Data extraction and evaluation of the study's quality were done independently by two reviewers (EW-TC and AJK). Data were extracted using a standardised extraction form, and methodological quality was assessed by using the validated Downs and Black instrument for cohort studies,33 34 one of the best tools for assessing observational study designs.35 The QUOROM statement checklist was used for randomised control trials.36 The scores from these instruments were rated as high, moderate, or low quality. Disagreement between the reviewers was resolved by discussion with senior investigators (TW and RG). For two studies, the authors were contacted successfully to clarify details or to provide additional information about their study.w1w4
All meta-analyses were done with RevMan 4.2.8 software (www.cc-ims.net/RevMan), using fully adjusted odds ratio or relative risk in the meta-analyses. The standard error of the natural logarithm (ln) of the odds ratio was calculated from the 95% confidence intervals using the formula
(ln[upper limit of CI]–ln[lower limit of CI])/3.92).
Heterogeneity between studies was tested with the I2 statistic.37 If the I2 statistic was ≤30% the fixed effect model was used to pool studies; otherwise, the random effects model was used. Sensitivity analyses, excluding unpublished abstracts and including only studies rated as high quality, were performed where possible. Where possible, we evaluated publication bias by plotting a funnel plot38; publication bias is unlikely if the funnel plot shows a symmetrical inverted V shape.39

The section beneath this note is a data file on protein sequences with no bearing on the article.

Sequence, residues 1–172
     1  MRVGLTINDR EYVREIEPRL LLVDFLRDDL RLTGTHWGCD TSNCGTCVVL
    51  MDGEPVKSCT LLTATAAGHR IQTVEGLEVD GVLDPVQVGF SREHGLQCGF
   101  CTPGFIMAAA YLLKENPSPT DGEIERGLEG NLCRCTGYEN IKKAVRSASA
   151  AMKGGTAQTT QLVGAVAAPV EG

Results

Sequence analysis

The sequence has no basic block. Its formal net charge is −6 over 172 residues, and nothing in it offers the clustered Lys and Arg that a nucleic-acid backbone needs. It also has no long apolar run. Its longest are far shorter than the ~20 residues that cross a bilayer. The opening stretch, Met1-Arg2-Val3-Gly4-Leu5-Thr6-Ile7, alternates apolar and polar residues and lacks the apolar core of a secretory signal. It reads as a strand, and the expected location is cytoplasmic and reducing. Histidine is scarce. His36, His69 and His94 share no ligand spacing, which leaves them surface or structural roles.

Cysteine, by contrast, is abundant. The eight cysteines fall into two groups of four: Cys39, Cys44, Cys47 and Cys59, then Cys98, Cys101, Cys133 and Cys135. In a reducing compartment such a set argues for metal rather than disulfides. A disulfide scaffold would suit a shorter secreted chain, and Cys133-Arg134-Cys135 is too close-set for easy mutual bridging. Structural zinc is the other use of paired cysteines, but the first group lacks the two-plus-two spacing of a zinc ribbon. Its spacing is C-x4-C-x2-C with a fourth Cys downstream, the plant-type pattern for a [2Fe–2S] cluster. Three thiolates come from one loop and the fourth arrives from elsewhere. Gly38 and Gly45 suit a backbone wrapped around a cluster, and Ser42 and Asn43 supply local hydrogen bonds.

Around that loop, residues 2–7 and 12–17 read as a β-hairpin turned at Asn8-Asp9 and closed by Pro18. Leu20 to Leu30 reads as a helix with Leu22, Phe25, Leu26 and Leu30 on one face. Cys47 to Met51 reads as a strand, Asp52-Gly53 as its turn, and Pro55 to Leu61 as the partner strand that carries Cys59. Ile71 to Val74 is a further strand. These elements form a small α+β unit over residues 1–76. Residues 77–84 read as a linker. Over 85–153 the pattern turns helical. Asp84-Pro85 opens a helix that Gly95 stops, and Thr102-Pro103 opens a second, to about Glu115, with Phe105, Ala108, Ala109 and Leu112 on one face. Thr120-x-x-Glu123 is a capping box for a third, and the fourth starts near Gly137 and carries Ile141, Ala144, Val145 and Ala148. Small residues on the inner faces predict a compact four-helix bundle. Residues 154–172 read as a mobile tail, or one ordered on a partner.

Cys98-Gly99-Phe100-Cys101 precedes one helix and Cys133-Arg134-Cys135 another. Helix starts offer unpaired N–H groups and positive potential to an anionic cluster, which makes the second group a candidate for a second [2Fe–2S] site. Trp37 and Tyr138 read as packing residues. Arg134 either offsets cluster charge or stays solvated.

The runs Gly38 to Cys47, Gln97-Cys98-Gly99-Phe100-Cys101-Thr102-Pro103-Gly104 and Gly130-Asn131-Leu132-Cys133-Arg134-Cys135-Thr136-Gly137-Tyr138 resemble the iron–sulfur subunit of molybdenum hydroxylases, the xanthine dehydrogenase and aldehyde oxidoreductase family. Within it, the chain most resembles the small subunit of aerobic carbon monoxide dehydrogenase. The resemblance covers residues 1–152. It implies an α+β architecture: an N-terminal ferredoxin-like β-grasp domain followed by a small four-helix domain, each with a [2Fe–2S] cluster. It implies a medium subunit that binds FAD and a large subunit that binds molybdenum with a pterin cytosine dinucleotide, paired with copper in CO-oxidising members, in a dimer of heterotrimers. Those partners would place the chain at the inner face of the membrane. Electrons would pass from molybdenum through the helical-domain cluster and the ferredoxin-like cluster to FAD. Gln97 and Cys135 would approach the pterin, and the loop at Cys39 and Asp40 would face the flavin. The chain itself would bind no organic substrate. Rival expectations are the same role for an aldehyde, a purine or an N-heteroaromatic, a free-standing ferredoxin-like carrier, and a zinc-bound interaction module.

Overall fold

Of the 4192 abstracts screened, 89 were from potentially relevant studies, of which 77 were excluded because they did not meet the inclusion criteria (fig 1)1).. The remaining 12 studies comprised nine prospective cohort studies (including one published only as an abstract) w1-9 and three randomised control trials (including one abstract).w10-w12 Reviewers agreed completely on study eligibility. Tables 1 and 22 summarise the design features and participants' characteristics in these studies.